Attention Bloomsbury: The World Is (Mostly) Not White

UPDATE (25 Jan 2010): Well, they’re changing the cover. But since the point of this post wasn’t just Magic Under Glass, but also about the problem of how it happened, I’m leaving the post as-is. The problem is not really isolated, just as the solution is already known — this World SF Blog post has a bigger discussion on covers and poor cover choices (as well as some good ones).


Dear Bloomsbury,

You know what I’m emailing about, right? Yup. The cover of Jaclyn Dolamore’s Magic Under Glass.

I’m white. I’m a reader. I love books. I buy books. I pay good money for books.

I pay good money for books that are not about white people. I pay good money for books that have non-white characters depicted on the cover.

I don’t know whether it’s because of marketing concerns, or just plain ineptitude, that you seem to have developed a habit of depicting nonwhite characters in novels as if they are white.

If it is marketing concerns, wake up. This is not 1960 anymore. It’s time to do the ethical thing, and move forward. People will adapt, trust me, to the “shock” of seeing nonwhites featured in covers of books — just as they have adapted and heartily embraced the idea of nonwhites in film, for example — and you will be praised for doing the right thing. I promise: I’ll praise you if you stop doing this. Lots of people will. Right, folks?

And yes, there will be money there.

If it’s ineptitude, well, don’t you think a little more care and attention might be worthwhile? Just a little more? I mean… this is not a “dark-skinned” character, much less one who looks like she’s from “the Far East”:

magic_under_glassCome on, Bloomsbury, you can do better than that. Show us.


Gord Sellar

And yes, it matters. Not just because I imagine I’m risking having a cover whitewashed some day too. It matters because when we see something wrong, we need to call people on it. That’s one of the things I really appreciate about Western culture, as compared to the East Asian cultures I’ve experienced: when we see someone behaving badly, we tend to call them on it, making it harder for them to persist in their assholery, and making it easier for everyone else to recognize that a behaviour is unacceptable.

So, if you think the whitewashing of nonwhite characters on Young Adult book covers ain’t cool — and who could actually think  it’s cool? — then go ahead and say something. Email or call ’em today:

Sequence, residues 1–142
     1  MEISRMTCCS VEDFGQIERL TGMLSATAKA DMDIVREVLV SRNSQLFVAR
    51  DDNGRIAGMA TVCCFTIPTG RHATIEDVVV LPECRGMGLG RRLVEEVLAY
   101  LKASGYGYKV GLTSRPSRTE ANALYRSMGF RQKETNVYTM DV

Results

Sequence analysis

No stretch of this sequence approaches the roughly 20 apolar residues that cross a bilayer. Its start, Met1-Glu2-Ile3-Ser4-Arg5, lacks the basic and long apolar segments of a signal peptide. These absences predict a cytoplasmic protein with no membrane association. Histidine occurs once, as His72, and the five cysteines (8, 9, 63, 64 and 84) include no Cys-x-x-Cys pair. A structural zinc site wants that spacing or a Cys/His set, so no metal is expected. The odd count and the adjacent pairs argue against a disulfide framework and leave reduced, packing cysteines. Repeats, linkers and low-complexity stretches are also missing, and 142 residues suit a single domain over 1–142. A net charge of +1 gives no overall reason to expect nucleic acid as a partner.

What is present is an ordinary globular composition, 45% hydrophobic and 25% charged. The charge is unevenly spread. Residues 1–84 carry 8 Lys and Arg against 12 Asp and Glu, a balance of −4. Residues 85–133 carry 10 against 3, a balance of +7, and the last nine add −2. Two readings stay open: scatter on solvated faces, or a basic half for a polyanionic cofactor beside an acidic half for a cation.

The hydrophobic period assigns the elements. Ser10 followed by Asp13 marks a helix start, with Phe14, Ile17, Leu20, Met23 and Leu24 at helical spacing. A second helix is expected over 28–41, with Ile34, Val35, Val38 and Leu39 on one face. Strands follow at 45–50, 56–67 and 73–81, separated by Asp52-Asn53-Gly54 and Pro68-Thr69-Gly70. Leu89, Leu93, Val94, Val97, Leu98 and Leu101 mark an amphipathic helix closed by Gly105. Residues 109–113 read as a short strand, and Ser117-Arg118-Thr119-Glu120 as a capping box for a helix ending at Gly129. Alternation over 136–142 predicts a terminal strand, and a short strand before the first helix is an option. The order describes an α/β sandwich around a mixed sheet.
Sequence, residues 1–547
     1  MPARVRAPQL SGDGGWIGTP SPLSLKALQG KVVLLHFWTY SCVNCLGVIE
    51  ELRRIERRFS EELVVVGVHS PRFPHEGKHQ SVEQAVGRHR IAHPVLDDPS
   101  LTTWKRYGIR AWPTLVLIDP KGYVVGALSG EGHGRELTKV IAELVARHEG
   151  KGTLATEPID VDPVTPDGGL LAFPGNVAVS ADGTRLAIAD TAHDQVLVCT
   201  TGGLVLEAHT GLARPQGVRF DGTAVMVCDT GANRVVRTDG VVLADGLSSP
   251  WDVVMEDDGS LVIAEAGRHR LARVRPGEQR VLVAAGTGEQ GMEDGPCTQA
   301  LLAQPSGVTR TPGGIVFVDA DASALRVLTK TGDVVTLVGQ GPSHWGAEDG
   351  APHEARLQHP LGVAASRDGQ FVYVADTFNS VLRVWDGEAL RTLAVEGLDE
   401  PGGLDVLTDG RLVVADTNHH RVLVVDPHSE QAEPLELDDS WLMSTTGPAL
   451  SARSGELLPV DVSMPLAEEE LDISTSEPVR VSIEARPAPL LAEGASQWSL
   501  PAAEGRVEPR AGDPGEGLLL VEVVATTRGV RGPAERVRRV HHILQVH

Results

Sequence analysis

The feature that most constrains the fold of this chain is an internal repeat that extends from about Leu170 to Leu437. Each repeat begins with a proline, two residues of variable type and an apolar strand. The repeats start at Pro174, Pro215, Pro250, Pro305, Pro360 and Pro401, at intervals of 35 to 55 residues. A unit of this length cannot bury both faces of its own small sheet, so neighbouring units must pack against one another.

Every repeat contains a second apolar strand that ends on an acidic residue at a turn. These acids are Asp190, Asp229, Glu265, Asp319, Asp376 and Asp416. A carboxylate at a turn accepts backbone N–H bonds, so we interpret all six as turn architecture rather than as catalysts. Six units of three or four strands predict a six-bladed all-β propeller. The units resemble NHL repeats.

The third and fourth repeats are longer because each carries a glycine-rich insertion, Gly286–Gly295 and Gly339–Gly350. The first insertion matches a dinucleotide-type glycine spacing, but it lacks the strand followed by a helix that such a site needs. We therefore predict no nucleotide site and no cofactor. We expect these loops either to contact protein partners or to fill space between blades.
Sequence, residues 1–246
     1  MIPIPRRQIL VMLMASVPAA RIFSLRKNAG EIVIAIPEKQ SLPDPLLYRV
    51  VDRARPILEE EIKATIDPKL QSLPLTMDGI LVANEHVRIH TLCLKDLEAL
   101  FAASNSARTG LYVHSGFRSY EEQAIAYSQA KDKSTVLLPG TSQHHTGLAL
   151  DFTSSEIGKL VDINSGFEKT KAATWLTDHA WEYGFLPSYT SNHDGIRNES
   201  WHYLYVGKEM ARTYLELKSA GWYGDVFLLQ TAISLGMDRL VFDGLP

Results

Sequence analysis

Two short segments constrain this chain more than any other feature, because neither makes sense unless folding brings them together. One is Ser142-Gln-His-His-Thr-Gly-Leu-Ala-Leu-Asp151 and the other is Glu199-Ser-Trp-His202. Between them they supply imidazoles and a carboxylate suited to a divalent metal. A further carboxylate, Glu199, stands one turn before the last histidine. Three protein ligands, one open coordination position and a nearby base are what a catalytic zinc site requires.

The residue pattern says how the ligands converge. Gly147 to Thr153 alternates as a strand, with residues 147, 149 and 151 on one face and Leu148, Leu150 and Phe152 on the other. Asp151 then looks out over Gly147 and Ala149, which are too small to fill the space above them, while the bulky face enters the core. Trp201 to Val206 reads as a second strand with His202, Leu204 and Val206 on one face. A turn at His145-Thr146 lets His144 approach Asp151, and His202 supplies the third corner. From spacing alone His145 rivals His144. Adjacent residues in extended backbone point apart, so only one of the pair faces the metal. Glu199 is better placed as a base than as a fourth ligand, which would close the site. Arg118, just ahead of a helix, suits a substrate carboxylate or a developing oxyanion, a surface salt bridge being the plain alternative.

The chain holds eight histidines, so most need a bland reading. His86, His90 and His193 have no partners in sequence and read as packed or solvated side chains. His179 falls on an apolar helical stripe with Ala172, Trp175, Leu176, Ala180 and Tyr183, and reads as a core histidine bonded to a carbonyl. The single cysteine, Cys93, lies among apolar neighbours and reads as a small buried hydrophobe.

175 Fifth Avenue
New York, NY 10010
Phone: 646-307-5151
Fax: 212-780-0115

Blog about it. Kick up a stink. Say something. Pressure them to do the right thing. The email I sent earlier today is this:

So, what’s with making nonwhite characters white on the covers of your books? First Liar, and now Magic Under Glass? It’s disappointing, it’s embarrassing, and it’s wrong. People go used to having nonwhite characters on movie screens pretty quickly, and now movie and TV promo images featuring  Denzel Washington, Wesley Snipes, Chris Rock, Lucy Liu, Daniel Dae Kim, and many other nonwhites are doing very well. Things being as they are, do you really think book readers are *less* sophisticated than Hollywood film audiences?

And if it’s truly sloppiness and not some racist agenda as some are claiming (and you’re making it easier for them to claim it with every instance, right?), then maybe you need to design a better protocol for book cover commissions? A form with blanks for character race, character sex, and so on? Surely this is a fixable problem. Living abroad as I do, where callous racism (and even unwitting bigotry among the well-meaning) is quite common in the media, and in daily life but where it is slowly improving, I have to say that it is fixable, and I hope you find the impetus within your organization to do the right thing… and keep doing it.

Come on, folks, I know you can do better than this!
Gord Sellar

One thought on “Attention Bloomsbury: The World Is (Mostly) Not White

  1. Pingback: SF Signal

Leave a Reply

Your email address will not be published. Required fields are marked *